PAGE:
Overall, ‘Surrogates’ was inoffensive to my technosexual sensibilities, Hollywood ending notwithstanding. The opening credits, which consist of a montage sequence which serves to fill the audience in about the world in which the film takes place, had a few nods and winks to iDollators and technosexuals, such as a couple of seconds of RealDoll faces from ‘Guys and Dolls’, as well as footage of Hiroshi Ishiguro and his Android twin, Geminoid. Naturally I’m gonna point this out: as it was rated PG-13, sadly there wasn’t a single topless Gynoid to be seen, as the film’s distributor was Walt Disney Pictures. Thanks for that, Disney, you wankers.


It’s okay…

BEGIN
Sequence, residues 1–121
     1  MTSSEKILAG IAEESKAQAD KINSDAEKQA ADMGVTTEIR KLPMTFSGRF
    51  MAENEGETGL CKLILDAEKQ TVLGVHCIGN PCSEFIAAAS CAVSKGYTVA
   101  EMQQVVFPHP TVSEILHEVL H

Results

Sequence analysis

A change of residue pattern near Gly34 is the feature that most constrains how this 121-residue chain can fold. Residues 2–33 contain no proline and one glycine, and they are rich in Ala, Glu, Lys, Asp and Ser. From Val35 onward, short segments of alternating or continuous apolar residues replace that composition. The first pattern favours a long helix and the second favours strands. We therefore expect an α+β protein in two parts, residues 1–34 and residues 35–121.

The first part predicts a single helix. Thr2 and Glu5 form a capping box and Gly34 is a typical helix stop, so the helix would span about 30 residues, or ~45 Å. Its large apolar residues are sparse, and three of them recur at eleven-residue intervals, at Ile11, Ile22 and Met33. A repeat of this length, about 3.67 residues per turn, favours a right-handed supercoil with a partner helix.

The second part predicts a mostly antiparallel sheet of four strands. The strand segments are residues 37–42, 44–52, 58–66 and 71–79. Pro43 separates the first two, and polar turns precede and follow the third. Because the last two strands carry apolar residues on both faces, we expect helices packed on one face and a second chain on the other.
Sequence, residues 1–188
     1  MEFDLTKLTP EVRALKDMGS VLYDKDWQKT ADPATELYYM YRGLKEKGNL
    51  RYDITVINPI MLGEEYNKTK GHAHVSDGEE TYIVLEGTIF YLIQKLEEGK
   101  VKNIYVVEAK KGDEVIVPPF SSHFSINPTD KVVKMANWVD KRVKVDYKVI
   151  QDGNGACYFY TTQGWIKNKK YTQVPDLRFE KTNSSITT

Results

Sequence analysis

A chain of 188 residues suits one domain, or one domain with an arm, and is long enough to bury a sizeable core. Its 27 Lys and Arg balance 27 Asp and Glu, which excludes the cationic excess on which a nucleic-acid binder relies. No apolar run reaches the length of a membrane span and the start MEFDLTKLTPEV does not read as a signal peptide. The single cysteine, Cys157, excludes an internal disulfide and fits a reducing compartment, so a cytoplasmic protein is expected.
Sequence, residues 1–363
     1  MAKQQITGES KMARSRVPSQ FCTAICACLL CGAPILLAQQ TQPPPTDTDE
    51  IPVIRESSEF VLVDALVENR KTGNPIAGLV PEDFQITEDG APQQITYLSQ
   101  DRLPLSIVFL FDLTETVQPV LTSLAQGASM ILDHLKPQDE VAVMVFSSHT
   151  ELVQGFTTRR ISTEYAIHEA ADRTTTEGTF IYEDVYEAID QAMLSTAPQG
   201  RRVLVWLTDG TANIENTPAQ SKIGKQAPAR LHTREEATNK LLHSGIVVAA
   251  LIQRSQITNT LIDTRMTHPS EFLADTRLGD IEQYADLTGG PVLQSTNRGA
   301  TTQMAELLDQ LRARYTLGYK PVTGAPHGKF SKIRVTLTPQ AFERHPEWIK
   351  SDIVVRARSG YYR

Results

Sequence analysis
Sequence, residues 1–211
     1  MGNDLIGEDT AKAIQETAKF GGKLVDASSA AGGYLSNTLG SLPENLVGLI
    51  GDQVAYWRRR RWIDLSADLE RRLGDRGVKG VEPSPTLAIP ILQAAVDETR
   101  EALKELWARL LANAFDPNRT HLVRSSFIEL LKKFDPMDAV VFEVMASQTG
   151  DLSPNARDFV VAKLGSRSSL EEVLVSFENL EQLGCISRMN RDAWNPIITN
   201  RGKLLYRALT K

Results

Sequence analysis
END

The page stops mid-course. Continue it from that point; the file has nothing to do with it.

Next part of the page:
But this isn’t a review of ‘Surrogates’! What I’d like to do instead is touch upon the sociological aspects of that kind of technology existing. The Suris, as they’re often referred to in the story, are incredibly detailed and slightly enhanced human representations that are 100% artificial; however, they have no AI of their own, as they are controlled by Organik operators. To use one, you sit in your special control seat, strap on a neurovisual headband thing, and control your Suri with your mind. Obviously, the whole point of a Surrogate is not just to be able to experience life without leaving the comfort of your chair, but to do so looking your best. Your Surrogate can be made to resemble a flawless version of yourself, of course, or you can purchase generic-looking models, or you can even use one with practically any look or gender that you may desire. (There’s actually a plot point with that in the film.) As far as I gathered in the film, whatever sensations that your Suri would feel would be ones that your meat body would also feel, with the exception of pain. They kinda didn’t get into that in detail, but from certain scenes, I figured that was the case.